The Food and Drug Administration (FDA) is collecting information about the safety and effectiveness of hand sanitizers used by hospital workers dozens of times each day.
Under a proposed rule published last week, companies must submit new studies of key safety issues, including possible hormonal effects and the sanitizers’ contribution to the development of antibiotic-resistant bacteria. Products that are not shown to be safe and effective by 2018 would have to be reformulated or removed from the market, according to The Associated Press (AP).
The FDA estimates that it could cost companies between $64 and 90 million to conduct the requested studies. For now, the FDA advises health care professionals to continue using hand washes, sanitizers, and surgical scrubs. The products are major tools for preventing the spread of infection in health care settings. Dr. Theresa Michele, director of the FDA’s Center for Drug Evaluation and Research, told the AP, “We’re not asking for any of these products to come off the market at this time.”
Doctors and nurses have used alcohol and iodine for hand sanitizing for decades, but routine use of antiseptics has increased over the past 20 years as hospitals step up their efforts to fight infections. Current guidelines in most facilities advise doctors and nurses to sanitize their hands before and after visiting a patient’s room. Health care personnel may use such products up to a hundred times a day, according to the AP.
Recent research on antiseptics has caused concern because it appears the products are absorbed into the body at higher levels than previously thought. They show up in the blood and urine of users, the AP reports. The FDA wants manufacturers to submit data from both human and animal studies on absorption rates, blood levels, toxicology and possible links to cancer and hormonal problems. The FDA will then determine safety thresholds, with particular concern for vulnerable groups like pregnant and breastfeeding health care workers. The agency is also collecting information about possible links between hand sanitizers and the growth of “superbugs” that are resistant to antibiotics.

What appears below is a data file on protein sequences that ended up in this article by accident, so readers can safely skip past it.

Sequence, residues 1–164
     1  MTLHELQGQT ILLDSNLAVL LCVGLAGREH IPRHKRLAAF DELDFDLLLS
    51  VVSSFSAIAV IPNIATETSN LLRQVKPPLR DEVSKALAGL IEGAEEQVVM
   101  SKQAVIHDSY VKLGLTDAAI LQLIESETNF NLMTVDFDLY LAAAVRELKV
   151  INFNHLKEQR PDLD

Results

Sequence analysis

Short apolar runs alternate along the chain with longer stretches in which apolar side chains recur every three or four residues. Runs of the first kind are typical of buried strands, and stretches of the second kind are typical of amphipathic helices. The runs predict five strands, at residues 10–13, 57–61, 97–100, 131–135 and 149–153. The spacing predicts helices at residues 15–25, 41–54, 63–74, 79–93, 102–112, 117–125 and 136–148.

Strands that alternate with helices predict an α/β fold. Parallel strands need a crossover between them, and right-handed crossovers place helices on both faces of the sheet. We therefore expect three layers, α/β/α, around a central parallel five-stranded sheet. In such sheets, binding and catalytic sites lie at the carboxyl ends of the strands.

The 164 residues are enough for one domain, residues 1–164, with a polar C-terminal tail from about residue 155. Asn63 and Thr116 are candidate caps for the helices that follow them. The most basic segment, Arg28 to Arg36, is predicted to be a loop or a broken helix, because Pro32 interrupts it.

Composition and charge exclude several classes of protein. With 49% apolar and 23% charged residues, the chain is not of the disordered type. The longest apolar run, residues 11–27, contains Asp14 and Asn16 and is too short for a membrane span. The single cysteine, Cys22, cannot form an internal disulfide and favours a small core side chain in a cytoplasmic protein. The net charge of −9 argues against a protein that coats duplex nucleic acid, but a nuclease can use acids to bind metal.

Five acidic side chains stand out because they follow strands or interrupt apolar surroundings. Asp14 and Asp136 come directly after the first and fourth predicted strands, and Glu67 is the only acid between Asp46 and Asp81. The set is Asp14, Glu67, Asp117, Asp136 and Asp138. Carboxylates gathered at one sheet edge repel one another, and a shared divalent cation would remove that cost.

The FDA first began to evaluate antiseptic soaps and scrubs in 1972 under a law enacted to set guidelines for drugs and chemicals already on the market that had never been formally reviewed. The review of nearly 30 antiseptic ingredients has dragged on for decades. The most recent FDA review of health care hand cleaners came in 1994, according to the AP. The Natural Resources Defense Council filed suit against the FDA, accusing the agency of delaying action on potentially dangerous chemicals. In 2013 the FDA agreed to a legal settlement that included timetables for completing the review of chemicals including the hand sanitizers.
Environmentalists are concerned about triclosan, an ingredient in most antibacterial soaps sold to the public. The FDA issued a separate review of consumer products containing triclosan in late 2013. The agency determined it needed more data to establish their safety and effectiveness, the AP reports. Triclosan is less common in health care hand washes and cleaners than ingredients like alcohol and chloroxylenol, FDA officials say.